The Challenge Facing Us
Bassoon players dressing up as Elvis is not something you see every day. Hebrides Ensemble toured ‘Dead Elvis’ (1993) by American composer Michael Daugherty, which draws inspiration from the King’s cultural legacy. A rare chance to see the work in the UK, the concerts visited one of Edinburgh’s largest venues – the Assembly Rooms, as well as Perth Concert Hall, Dundee Gardyne Theatre and Sage Gateshead. The thing that we really needed to do here was to attract audiences to two venues new to the Hebrides’ fanbase. We were also careful to make sure that the marketing campaign represented an American/jazz classical concert: not a tribute act.
What We Did
We developed and implemented a multifaceted marketing strategy for the tour. An unusual element was sourcing photography for the campaign from a photographer based in America. Acting as a social media producer, we created a raft of creative online content so there was enough material on hand to sustain a conversation about the tour. And, of course, we also:
- Commissioned and managed suppliers: designers, a film-maker, media buyer,
printer and distribution agencies.
- Venue liaison to maximise promotional opportunities
- Online advertising management (Twitter/Facebook Ads)
- Email newsletter management
- Social media management
- Photocall/photocall notice
- Press release
- Direct mail campaign
- Concert video trailer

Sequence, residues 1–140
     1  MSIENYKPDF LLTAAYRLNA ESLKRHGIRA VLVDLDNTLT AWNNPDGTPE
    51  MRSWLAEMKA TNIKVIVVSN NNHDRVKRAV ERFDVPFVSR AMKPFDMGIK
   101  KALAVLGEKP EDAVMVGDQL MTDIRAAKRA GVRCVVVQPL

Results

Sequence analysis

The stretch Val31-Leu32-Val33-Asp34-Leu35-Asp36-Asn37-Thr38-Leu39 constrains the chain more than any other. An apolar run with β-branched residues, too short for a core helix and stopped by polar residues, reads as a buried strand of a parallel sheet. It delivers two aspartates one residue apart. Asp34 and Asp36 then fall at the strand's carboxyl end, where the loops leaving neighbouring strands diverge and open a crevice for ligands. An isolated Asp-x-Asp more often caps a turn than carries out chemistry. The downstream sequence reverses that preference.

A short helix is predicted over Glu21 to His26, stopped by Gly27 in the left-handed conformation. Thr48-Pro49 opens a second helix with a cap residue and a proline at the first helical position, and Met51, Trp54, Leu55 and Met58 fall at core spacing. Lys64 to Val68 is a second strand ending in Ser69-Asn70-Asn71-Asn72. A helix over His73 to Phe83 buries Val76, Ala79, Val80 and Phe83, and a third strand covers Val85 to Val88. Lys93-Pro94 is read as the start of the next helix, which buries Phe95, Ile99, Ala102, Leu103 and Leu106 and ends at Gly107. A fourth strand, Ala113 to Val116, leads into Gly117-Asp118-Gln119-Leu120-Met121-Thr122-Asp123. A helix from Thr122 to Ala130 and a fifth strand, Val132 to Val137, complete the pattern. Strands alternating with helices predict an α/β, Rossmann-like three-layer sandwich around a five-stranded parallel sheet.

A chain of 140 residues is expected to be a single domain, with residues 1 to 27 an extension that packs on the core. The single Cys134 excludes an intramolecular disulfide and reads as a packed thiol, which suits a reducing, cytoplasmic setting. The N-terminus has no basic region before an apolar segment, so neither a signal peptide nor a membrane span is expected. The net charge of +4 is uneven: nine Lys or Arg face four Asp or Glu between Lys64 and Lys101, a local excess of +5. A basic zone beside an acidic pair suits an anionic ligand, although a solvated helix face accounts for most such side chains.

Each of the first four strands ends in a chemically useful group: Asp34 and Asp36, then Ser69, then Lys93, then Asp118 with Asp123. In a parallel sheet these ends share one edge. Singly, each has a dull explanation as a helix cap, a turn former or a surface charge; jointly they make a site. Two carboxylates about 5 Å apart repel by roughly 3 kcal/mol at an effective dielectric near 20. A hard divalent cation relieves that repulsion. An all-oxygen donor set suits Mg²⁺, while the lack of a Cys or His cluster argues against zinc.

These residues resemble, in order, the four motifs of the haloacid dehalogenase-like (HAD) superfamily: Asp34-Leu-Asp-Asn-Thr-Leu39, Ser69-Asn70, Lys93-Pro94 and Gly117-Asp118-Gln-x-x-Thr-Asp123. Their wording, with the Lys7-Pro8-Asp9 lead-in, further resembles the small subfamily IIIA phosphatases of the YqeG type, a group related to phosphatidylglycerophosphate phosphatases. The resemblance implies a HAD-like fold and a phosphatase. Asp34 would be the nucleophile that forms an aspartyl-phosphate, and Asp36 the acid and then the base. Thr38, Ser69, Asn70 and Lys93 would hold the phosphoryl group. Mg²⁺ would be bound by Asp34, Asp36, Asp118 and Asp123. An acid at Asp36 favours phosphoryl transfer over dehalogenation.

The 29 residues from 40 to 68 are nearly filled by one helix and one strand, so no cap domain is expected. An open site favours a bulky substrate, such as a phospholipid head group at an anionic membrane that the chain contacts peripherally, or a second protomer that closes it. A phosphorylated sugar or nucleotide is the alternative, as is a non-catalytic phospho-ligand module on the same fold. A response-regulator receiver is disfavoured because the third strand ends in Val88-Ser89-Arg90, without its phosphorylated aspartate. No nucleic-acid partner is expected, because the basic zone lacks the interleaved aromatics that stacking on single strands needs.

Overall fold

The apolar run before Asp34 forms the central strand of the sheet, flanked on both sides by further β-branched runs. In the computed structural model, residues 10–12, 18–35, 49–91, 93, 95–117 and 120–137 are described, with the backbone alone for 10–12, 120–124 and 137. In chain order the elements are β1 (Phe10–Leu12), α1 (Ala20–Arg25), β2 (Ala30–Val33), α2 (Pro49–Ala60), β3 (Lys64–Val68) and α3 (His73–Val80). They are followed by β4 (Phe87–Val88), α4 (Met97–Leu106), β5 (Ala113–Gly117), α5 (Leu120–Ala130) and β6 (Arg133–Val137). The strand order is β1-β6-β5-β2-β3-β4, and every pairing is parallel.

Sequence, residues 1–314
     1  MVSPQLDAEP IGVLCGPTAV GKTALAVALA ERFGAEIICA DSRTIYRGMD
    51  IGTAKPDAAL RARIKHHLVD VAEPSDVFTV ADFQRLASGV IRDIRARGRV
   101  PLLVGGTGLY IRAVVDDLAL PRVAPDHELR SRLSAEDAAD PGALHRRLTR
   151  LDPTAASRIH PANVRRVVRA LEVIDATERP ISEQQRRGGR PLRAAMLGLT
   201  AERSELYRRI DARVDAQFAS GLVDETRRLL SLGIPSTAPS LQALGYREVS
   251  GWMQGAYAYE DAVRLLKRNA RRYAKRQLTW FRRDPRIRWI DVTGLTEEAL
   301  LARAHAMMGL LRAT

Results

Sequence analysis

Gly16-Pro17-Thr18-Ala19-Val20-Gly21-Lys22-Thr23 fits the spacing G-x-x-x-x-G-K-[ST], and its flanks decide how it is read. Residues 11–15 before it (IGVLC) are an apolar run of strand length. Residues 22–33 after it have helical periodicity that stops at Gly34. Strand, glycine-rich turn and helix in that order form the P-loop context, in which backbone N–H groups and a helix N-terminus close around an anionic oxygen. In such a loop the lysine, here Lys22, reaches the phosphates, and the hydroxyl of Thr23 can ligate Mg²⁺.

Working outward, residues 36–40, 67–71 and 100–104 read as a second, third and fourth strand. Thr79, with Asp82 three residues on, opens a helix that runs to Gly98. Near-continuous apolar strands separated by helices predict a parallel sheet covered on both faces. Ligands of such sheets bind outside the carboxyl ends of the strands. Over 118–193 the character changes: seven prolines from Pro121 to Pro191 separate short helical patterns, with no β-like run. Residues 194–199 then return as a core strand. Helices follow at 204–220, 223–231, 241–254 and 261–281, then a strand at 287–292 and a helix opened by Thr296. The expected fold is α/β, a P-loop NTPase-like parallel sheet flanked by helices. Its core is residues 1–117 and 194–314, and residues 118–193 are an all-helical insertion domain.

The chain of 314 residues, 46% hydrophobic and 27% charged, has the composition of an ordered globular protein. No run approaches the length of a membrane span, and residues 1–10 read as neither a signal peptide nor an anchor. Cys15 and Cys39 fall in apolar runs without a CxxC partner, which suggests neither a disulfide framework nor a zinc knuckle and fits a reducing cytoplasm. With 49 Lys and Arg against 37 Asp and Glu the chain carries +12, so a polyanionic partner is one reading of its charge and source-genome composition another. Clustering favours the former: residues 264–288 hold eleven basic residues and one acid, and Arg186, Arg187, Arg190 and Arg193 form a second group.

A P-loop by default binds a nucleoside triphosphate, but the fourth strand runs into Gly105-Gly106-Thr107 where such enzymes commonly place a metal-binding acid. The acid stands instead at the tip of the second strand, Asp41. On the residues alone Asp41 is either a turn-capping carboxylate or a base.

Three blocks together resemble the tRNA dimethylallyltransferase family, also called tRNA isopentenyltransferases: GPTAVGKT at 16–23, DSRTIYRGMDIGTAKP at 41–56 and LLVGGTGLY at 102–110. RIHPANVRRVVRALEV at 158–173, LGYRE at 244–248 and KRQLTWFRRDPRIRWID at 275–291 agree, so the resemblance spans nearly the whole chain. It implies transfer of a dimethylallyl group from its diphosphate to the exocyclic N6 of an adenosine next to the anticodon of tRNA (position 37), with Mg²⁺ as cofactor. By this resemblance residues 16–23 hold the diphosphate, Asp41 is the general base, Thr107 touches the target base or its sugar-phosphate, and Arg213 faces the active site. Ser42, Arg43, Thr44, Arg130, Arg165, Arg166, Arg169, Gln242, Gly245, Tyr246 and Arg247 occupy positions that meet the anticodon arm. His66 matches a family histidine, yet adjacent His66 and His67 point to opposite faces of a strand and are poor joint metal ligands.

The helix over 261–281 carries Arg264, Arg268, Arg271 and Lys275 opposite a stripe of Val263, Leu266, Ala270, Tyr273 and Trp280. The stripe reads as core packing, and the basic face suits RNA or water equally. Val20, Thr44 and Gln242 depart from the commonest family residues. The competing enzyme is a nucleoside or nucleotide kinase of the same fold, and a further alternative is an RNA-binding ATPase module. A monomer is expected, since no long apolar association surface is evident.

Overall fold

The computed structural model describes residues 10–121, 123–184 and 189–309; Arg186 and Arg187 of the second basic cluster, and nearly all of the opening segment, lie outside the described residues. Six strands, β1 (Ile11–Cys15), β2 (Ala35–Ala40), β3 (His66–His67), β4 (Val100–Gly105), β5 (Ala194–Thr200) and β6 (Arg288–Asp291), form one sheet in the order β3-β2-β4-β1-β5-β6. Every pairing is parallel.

- Interest group outreach (music groups/departments)
- Press adverts: The Journal and The Courier
- Concert programme.
What We Achieved
Results included a record peak of website unique visits (885 in November). The campaign delivered 1,375 new Twitter followers in 90 days, thanks to a Twitter Ads campaign. There were 430 plays of the video trailer (which was also embedded on stv.tv). Michael Daugherty himself was encouraged to take part in audio interviews and we wrote features that were repurposed into blogs, email newsletters, video trailers, press releases and social posts. We collaborated with the artistic team to produce music and book lists influenced by the concert theme. These were then turned into Spotify playlists and Amazon book lists and shared on a website, social media and in email newsletters.
A photocall featuring a student of the bassoonist generated a picture insert in the news section of The Herald, and other press coverage included eight preview items and five reviews.
The audience was quite literally ‘All Shook Up’: “Never been to a Hebrides concert before – did not know what to expect, but it was fantastic.”